By Derek Wong of Carbon49
Unilever has been the number one Food & Beverage company on the Dow Jones Sustainability Index for 12 consecutive years. Through Bullfrog Power, Unilever recently became the largest commercial purchaser of renewable energy in Canada at 59,000 MWh per year. What is Unilever’s sustainability strategy and why do they do it? To find out, I took a tour of their Brampton plant and talked to John Coyne, Vice President and General Counsel of Unilever Canada.
As one of the largest consumer products companies in the world, Unilever has a large portfolio of high profile brands. In Canada, the brands include icons such as Ben & Jerry’s, Breyers, Degree, Dove, Hellmann’s, Klondike, Knorr, Lipton, Skippy, Slim-Fast, and Vaseline.
Like other companies in the consumer packaged goods space, climate change could have a huge impact on Unilever. Agriculture, raw materials, and water usage can all be affected by changes in climate. Waste management, supply chain management, energy usage, and greenhouse gas emissions may also be affected and carry with them regulatory risks, reputational risks, and litigation risks. Unilever has been taking proactive steps on sustainability to gain a leadership position among their industry peers.
What is Unilever doing on sustainability? At a recent press event, Unilever announced that they are bullfrogpowering all of their manufacturing facilities and offices in Ontario—accounting for 90 per cent of its Canadian operations—with locally sourced renewable power. It will reduce its carbon dioxide emissions footprint by approximately 7,544 tonnes annually.
Through the agreement, Bullfrog Power‘s generators inject renewable electricity onto the electricity grid to match the amount of power Unilever’s bullfrogpowered facilities use. Currently, in Ontario, Bullfrog’s electricity comes only from local wind and hydro facilities that have been certified as low impact by Environment Canada under its EcoLogoM program—instead of from polluting sources like coal, oil, natural gas and nuclear. Bullfrog Power uses the collective demand of its customers to support the development of new renewable generation in Canada. To date, five new wind projects have been commissioned in Canada to meet the demand of the growing community of bullfrogpowered homes and businesses.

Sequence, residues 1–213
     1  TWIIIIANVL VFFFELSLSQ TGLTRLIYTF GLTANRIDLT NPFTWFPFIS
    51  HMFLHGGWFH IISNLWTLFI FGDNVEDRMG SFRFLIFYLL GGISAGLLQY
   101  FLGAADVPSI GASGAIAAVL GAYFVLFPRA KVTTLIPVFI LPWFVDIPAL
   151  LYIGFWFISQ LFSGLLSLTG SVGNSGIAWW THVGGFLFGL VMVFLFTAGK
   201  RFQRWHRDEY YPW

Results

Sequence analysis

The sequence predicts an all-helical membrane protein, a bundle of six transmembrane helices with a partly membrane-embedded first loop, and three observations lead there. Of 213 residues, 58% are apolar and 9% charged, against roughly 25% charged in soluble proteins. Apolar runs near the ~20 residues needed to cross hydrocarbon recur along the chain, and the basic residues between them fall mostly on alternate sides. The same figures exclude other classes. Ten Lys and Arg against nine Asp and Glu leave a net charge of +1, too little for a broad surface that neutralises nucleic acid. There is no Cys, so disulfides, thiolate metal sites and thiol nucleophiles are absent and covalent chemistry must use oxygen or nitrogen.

“We want to help lead by example and an important part of our sustainability strategy is to lessen our environmental impact to the benefit of our consumers and our communities,” said John Coyne of Unilever Canada. “We’ve set aggressive emissions reduction targets with respect to our facilities. Supporting green electricity through Bullfrog Power is a significant step toward achieving our goals.”
The Unilever Sustainable Living Plan, which was launched in November 2010, aims to halve the environmental footprint of the manufacture and use of its products by 2020. Choosing Bullfrog Power’s green electricity supports Unilever’s overall plan to reduce the company’s greenhouse gas emissions by 50 per cent (based on 2008 levels) by 2020, and sourcing 40 per cent of Unilever’s energy requirements from renewable sources by 2020. Other environment-based goals set out in the plan include sourcing 100 per cent of its agricultural raw materials sustainably, halving the waste associated with the disposal of its products, and halving the water associated with consumer use of its products by 2020.
“Bullfrog Power is proud to be working with Unilever Canada to reduce its environmental impact,” said Tom Heintzman, President of Bullfrog Power. “We also look forward to partnering with Unilever Canada and its bullfrogpowered brands to help ignite dialogue about sustainable lifestyle choices in homes across Canada.”
Why does Unilever do it? As I toured Unilever’s facilities in Brampton Ontario, John Coyne told me Unilever does it for the customers, for the environment, and for profits. “When consumers think about our brands and the sustainability messages around our brand, we think they will look at us, congratulate us for taking a leadership role in this space, and reward us with purchases. That’s how we think our sustainability model will lead us to growth. So getting the word out to the consumers and to our business partners such as Walmart is a very important part of this strategy.”
Now Unilever Canada can make the proud claim to their customers and Walmart that their products—including Becel, Hellmann’s, Knorr and Ben & Jerry’s—are produced using 100 per cent green electricity.
When it comes to measuring greenhouse gas emissions, Unilever sees it as a driver for operational improvements. “All of our facilities are in compliance with the Canadian provincial greenhouse gas reporting regulations coming into force [See: Ontario and B.C. regulations]. It’s not difficult for us to be in compliance because internally we have been tracking our emissions for years anyway. It’s been part of our internal operational improvement process for emissions reduction, water reduction, and waste reduction. All of these areas have seen improvements over the years. That’s why we have been number one on the Dow Jones Sustainability Index for 12 years. We don’t see measuring GHG as primarily a compliance matter. The GHG measurements are used to identify areas for operational improvement and to track our operational efficiency progress.”
How much does it cost Unilever to do the right thing? Coyne has a great answer: “Almost all of our sustainability initiatives have actually resulted in win win win: our customers like us for doing the right thing, the environment likes us for running a sustainable business, and last but certainly not least, our shareholders like us because it reduces costs and increases profits.” Win, win, win indeed.
Article originated at Carbon49